Deck resurfacing is where the existing substructure of your deck stays and only the deck boards are replaced. Deck resurfacing can be done only if the substructure is in good condition. You’ll also need to be happy with your deck’s current shape, size, and decking pattern.
Benefits of Resurfacing
- Cost-effectiveness: Using the existing substructure saves you both labor and material costs.
- Less time to replace: Using your existing substructure saves time, so you can get back to enjoying your deck faster.
Full Deck Replacement
A full deck replacement is where both the substructure and the deck surface are completely replaced. A full replacement is necessary if the substructure is damaged beyond repair. It’s also essential if you plan on making significant changes to your deck’s shape, size, or decking pattern.
Benefits of a Full Deck Replacement
- Design freedom: A full deck replacement gives you full rein to redesign your deck just how you want it.
- Better function: A new custom-built deck is bound to better meet your needs so you can enjoy your deck in whatever way you want.
Considerations for Deck Resurfacing & Replacement
Resurfacing or replacement jobs bring up a few more concerns than simple repairs, namely, what decking material to use, and which deck repair contractors have the experience your build needs.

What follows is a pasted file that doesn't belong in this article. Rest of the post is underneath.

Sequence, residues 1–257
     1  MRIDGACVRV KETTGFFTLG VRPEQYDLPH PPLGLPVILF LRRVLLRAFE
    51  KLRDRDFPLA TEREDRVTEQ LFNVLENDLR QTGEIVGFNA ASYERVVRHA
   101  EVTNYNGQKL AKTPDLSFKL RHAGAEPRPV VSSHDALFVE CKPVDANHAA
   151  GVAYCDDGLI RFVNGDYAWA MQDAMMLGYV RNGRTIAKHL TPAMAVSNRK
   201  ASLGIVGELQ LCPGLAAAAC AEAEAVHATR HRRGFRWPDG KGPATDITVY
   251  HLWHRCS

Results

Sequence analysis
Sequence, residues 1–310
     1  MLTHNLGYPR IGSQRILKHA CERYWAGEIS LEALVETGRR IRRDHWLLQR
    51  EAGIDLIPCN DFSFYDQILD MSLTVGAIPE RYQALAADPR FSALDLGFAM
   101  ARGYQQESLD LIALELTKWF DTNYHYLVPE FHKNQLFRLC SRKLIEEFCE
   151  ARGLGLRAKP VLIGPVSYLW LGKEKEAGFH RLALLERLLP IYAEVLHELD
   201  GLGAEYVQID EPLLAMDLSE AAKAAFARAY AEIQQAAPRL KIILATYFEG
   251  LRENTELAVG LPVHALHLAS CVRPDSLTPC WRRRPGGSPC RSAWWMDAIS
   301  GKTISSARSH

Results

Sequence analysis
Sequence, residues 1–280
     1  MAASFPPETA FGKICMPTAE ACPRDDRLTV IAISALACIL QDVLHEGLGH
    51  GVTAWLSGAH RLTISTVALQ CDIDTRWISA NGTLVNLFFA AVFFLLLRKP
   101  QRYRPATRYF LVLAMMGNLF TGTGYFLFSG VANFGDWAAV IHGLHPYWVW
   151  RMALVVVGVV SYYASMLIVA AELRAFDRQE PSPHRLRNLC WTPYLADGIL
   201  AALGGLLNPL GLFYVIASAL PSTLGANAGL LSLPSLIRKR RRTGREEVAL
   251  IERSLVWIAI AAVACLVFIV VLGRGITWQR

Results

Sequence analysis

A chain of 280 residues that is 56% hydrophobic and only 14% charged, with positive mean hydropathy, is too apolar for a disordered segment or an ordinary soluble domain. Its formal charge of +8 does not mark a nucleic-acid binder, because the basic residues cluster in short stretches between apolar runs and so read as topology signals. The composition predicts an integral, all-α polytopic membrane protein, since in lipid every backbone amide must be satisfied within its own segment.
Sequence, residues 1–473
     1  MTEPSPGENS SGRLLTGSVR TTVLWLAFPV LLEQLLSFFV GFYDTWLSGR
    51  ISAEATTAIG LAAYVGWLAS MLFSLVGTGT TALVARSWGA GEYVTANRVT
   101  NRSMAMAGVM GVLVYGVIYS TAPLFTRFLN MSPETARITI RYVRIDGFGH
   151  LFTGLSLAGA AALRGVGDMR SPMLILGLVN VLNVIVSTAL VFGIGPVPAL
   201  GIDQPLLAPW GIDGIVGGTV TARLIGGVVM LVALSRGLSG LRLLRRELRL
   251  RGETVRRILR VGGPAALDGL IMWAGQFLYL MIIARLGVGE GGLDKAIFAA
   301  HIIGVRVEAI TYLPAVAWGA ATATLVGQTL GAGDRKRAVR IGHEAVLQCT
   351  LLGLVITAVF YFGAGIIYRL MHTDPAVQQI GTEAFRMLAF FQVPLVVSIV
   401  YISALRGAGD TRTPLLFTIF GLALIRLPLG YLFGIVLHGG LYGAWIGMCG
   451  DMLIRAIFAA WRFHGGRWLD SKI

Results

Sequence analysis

Choose Durable Deck Material for a Longer Lasting Deck
Instead of choosing the same traditional wood decking that’s bound to require additional repair and replacement over time, level-up with TimberTech® composite decking. Our durable deck material is designed with the nature-inspired beauty of wood, and none of wood’s drawbacks.
Why Choose TimberTech Decking
- Cost-savings over time thanks to minimal maintenance, repair, and replacement needs.
- Greater design flexibility with the right colors and board finishes to give you the look you want.
- Industry-leading warranties that ensure your deck will last for years to come.
Choosing the Right Contractor for Your Repair or Replacement Job
Once you’ve identified your deck’s issues, and decided whether you’ll do a repair or replacement job, it’s time to find the right contractor for your project.
Questions to Ask Deck Repair Contractors
For repair jobs:
- Do you have experience with my specific problem and how to fix it?
- Do you have experience with my deck’s material?
- Have you completed similar repairs in the past?
- Do you offer a craftsmanship warranty for the repair?
For replacement jobs:
- Are you familiar with TimberTech decking, railing, and lighting options? If so, which options do you think best fit my project and budget?
- How often do you build with TimberTech?
- Have you completed any projects similar to mine?
- Are you comfortable building my unique design?
- Are you experienced with deck patterns? (If you’re considering a picture frame border or deck pattern, such as herringbone)
Ready to find deck repair contractors near you who have the expertise for your deck repair or replacement? Discover TimberTech-registered contractors who have vast industry knowledge and product expertise to ensure your deck project is done to perfection.